Full-length transposase genes were manually annotated with the assistance of the ISFinder database ( Twenty full-length and 17 fragmented insertion sequence (IS) elements, belonging to six transposase families were identified in the Kp342 chromosome and two plasmids. These IS elements encoded four different IS3 transposases, one IS5 transposase, one IS6 transposase, three different IS110 transposases, one IS481 transposase, and one ISL3 transposase. Most of the IS elements are segregated to either the chromosome or one of the plasmids. However, the seven copies of the IS5 family element, which are 99% identical at the protein level to IS903B in the database, have been identified in all three DNA molecules with five copies in the chromosome and one copy in each of the plasmids. Therefore, it is likely that the chromosome and two plasmids have been in close association long enough for dissemination of IS903B from one DNA molecule to the other two. Also, measuring the number of full-length IS elements in each kb of the three DNA molecules reveals approximately 20- to 60-fold higher density of insertions in the plasmids compared to the chromosome with seven copies in the ∼5641 kb chromosome, five copies in ∼187 kb of pKP187, and seven copies in ∼91 kb of pKP91.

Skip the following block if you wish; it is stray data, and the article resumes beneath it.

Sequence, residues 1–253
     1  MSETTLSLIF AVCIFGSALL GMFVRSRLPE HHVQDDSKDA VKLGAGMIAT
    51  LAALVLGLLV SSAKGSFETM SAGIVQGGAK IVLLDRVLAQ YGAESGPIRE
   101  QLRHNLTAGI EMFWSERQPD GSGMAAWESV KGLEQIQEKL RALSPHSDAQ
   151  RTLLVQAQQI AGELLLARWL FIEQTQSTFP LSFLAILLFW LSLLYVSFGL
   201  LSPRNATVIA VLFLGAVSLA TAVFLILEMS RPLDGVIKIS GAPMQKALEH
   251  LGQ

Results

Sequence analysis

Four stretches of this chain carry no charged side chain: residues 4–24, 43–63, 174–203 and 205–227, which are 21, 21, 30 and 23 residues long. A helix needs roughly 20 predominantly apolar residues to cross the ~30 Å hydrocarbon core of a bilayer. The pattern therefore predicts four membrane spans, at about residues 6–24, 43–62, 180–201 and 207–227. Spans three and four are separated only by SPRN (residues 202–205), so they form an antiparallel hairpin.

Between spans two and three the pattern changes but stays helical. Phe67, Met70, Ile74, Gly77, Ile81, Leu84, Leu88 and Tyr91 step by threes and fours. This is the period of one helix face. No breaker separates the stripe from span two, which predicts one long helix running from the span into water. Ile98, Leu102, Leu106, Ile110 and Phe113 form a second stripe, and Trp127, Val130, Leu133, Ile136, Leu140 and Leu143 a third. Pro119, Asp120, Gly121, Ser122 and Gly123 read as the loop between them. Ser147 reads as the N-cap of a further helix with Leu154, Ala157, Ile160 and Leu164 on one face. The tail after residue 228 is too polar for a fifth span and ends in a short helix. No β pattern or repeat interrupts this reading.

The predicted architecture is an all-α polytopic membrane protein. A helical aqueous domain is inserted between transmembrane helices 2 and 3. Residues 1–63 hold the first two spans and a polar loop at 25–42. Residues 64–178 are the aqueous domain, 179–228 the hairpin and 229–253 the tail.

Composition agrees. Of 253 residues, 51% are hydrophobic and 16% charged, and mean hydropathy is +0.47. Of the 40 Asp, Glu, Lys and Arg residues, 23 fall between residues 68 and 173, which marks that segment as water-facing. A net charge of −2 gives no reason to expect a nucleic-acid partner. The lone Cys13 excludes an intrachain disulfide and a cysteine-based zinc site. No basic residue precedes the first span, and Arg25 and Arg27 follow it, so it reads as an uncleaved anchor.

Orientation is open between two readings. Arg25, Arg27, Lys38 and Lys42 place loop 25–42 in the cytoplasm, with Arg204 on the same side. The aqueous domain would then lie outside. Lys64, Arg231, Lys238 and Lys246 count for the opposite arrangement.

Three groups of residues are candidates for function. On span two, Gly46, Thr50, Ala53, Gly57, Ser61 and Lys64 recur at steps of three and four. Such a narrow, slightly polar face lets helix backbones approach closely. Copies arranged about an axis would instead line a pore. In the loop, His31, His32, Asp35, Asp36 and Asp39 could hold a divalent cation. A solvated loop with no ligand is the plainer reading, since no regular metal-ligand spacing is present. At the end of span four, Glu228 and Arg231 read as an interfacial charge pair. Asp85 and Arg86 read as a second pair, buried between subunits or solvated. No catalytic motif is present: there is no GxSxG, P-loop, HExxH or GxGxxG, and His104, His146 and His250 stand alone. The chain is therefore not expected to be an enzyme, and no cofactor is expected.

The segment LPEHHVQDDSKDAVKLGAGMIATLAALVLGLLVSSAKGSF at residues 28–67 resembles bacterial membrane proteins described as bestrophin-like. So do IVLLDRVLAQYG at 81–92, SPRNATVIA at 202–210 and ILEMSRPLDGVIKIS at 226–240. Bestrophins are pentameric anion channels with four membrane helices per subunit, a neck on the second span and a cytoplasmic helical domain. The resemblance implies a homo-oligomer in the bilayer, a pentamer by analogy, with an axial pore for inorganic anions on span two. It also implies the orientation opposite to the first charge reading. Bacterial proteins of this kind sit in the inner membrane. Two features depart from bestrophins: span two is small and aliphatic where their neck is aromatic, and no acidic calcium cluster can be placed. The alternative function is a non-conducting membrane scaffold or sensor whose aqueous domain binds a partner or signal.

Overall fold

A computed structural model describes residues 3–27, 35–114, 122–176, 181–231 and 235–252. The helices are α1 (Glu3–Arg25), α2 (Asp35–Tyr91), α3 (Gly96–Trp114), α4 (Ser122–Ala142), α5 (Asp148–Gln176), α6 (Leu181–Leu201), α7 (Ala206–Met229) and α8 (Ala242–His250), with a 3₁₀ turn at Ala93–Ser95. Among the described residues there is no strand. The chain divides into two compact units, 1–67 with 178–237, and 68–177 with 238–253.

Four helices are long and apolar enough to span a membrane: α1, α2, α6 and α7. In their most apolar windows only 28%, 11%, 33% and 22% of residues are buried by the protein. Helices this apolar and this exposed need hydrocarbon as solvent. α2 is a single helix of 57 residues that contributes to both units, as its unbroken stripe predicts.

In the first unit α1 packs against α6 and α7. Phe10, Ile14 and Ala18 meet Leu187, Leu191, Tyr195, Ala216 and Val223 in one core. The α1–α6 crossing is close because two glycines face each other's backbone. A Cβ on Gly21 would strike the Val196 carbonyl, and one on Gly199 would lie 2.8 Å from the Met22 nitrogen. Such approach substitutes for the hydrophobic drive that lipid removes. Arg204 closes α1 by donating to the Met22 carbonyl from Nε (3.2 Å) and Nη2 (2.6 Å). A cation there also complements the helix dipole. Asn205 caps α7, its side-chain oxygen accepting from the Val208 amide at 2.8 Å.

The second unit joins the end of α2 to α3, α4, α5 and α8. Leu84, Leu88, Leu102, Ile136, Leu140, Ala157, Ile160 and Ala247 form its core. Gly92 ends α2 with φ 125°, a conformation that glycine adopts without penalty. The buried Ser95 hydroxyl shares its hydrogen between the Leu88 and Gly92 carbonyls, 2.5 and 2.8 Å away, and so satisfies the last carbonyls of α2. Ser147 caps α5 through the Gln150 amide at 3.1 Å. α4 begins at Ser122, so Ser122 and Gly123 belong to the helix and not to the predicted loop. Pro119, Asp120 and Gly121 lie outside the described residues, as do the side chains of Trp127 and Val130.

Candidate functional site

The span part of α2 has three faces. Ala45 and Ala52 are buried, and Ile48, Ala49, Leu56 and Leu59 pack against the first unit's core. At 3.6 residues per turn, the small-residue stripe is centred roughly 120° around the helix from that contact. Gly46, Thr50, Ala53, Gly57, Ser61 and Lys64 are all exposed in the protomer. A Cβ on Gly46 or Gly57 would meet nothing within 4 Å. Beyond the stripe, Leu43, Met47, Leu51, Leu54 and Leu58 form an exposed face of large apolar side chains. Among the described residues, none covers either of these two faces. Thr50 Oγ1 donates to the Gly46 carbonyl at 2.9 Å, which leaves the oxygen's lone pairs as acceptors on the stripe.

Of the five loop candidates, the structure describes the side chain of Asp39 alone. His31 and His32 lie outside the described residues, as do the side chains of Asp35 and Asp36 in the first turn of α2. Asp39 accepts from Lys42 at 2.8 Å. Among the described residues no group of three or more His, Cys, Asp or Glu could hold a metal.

The genome was examined for the presence or absence of clustered regularly interspaced short palindromic repeats (CRISPRs) using CRISPRFinder [27]. No functional CRISPR system was determined in Kp342 or MGH78578 although they have been identified in other closely related enteric bacteria including all genomes of the genera, Escherichia and Salmonella sequenced to date. Recently CRISPRs have been linked to the acquisition of resistance against bacteriophages [28],[29].

Overview of Metabolism in Kp342